Biohacking in Cameroon: around low-cost biohacking equipment


#1

My names is Thomas, I am from Cameroon. I am very excited to be part of this event, since I am trying to promote Biohacking in french speaking african countries and Haiti. This is the event that I will organize in May.

During the Bioffabing, I want to share with you, learn from you in order to make first, the biohacking event in Cameroon very interresting. In that optic, if we can talk about:

  • Run a practical biohacking worskshop in Africa. we can perfom some experiment that I will reproduce in Yaoundé.

Second, for at mid-term I want to set up a biohackerspace devoted to produce low cost lab material to help rural hospital where even an optical microscope does not exist. What can we do? I need your Ideas and thougts.

@dusjagr I don’t know if it is still possible to transform my question in an unconference on African purpose where every person can share their experience and help me frame the movement in my context

PS: I don’t have any stuff to run the workshop in Yaoundé. If you have some stuff to give don’t hesitate. I will bring it back to Cameroon.

PS: I don’t have any material, so if you have some stuff that you want to give, don,t hesitate. I will bring it in cameroon


Bring 2 of yours prototyps/Kits/stuffs and donate one
#2

hi @thomasmboa,
of course you can propose a dedicated session around low-cost biohacking equipment.
this will be a great workgroup for all of us to share/learn and discuss!

i am switching this topic to the “unconference” category to start collecting ideas and interests.

greets,
m


#3

wow, great event!! lets fly to Cameroon!! :slight_smile:
I‘m definitely interested in developing workshop concepts for Biohacking in the medical field!!


#4

This is something I’m definitely interested in (although know very little about!).

@thomasmboa are you familiar with Manu Prakash’s work? Maybe you could get some of these donated for the conference and then hand them out for people to take home and work with.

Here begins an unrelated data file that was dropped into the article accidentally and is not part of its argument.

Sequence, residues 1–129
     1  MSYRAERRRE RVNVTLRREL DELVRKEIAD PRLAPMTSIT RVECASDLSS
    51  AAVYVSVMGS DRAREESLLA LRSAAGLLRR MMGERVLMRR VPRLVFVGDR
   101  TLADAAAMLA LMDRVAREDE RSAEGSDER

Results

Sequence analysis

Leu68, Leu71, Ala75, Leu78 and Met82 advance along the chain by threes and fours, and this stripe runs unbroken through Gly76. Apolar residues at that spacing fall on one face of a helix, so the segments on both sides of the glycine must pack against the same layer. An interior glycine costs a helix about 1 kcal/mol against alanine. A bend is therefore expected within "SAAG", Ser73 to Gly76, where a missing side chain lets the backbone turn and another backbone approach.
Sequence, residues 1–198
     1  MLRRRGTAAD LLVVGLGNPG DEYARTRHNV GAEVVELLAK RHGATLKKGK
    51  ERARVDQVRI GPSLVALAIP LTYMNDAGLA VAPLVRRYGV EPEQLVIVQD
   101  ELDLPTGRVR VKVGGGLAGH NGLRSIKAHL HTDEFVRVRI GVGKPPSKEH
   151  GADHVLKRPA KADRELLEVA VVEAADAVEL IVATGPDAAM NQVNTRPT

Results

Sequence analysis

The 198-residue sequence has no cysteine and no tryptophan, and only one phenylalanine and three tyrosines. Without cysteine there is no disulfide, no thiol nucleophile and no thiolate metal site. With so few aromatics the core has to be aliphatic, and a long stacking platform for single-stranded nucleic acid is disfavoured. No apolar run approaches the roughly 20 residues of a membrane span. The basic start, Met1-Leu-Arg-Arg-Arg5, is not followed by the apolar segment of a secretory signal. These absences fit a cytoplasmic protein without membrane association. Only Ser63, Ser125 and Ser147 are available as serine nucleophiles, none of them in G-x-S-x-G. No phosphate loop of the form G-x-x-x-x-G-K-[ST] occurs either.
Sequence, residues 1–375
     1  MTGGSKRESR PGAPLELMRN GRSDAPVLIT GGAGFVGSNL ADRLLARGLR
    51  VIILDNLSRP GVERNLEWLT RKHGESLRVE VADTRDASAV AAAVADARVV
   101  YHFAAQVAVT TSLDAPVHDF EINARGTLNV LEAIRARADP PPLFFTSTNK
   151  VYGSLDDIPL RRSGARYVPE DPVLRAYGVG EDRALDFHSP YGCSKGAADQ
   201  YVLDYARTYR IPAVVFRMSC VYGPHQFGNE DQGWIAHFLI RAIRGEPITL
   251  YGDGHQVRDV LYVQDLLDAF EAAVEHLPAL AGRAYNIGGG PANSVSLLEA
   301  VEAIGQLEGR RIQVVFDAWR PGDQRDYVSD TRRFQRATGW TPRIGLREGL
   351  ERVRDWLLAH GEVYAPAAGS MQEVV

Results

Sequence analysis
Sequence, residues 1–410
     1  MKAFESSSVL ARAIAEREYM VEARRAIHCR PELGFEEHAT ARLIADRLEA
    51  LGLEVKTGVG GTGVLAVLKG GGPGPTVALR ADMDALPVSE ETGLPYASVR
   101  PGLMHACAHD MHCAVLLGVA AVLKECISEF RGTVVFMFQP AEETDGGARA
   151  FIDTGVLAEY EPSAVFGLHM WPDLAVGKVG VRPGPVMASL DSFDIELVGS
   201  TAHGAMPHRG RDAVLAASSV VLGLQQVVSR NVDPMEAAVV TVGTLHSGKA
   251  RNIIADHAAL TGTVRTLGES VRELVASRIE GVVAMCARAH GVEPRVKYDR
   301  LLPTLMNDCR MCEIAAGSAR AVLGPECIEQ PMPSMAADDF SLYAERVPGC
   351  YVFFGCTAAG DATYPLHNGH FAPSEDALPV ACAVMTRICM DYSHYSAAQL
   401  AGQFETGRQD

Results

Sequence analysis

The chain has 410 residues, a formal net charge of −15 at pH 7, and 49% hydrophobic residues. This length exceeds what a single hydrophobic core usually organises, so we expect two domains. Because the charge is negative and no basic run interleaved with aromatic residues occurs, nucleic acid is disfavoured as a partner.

the foldscope, low-cost origami microscope – https://www.foldscope.com/

the paperfuge, similar low-cost simple design as a lab centrifuge – https://www.wired.com/2017/01/paperfuge-20-cent-device-transform-health-care/


#5

@jbsteinhardt thank a lot for this link, I was not familiar with Prakash’s work. It is so interesting and it is this kind of experiment that I want to perform in Cameroon.

Since you have mentionned it, can you help me do to get some kits of foldscope and paperfuge during our meeting in Geneva?

Please if you have others idea to help me perform the seminar in Cameroon, don’t hesitate…


#6

Thank a lot @julian, it means that we will design our workshop in term of activities that we can perform if they are relevant for our context.


#7

I don’t know him personally but I could see if I have any connections! I love his work.


#8

I’m also a big fan of Prakash’s work – only a bit overhyped.

If we can get a similarly powerful lens, (they claim 140x magnification and 2 micron resolution) we could easily design our own little low-cost microscope. If anyone knows where to get them (really cheap!) it would be great to have some to play around.

these are the specifications: “2.38mm borosilicate glass“


#9

Thank @julian

For all those who are based in Switzerland can you find and bring for us, lens with these specification: “2.38mm borosilicate glass“. we will replicate the foldoscope.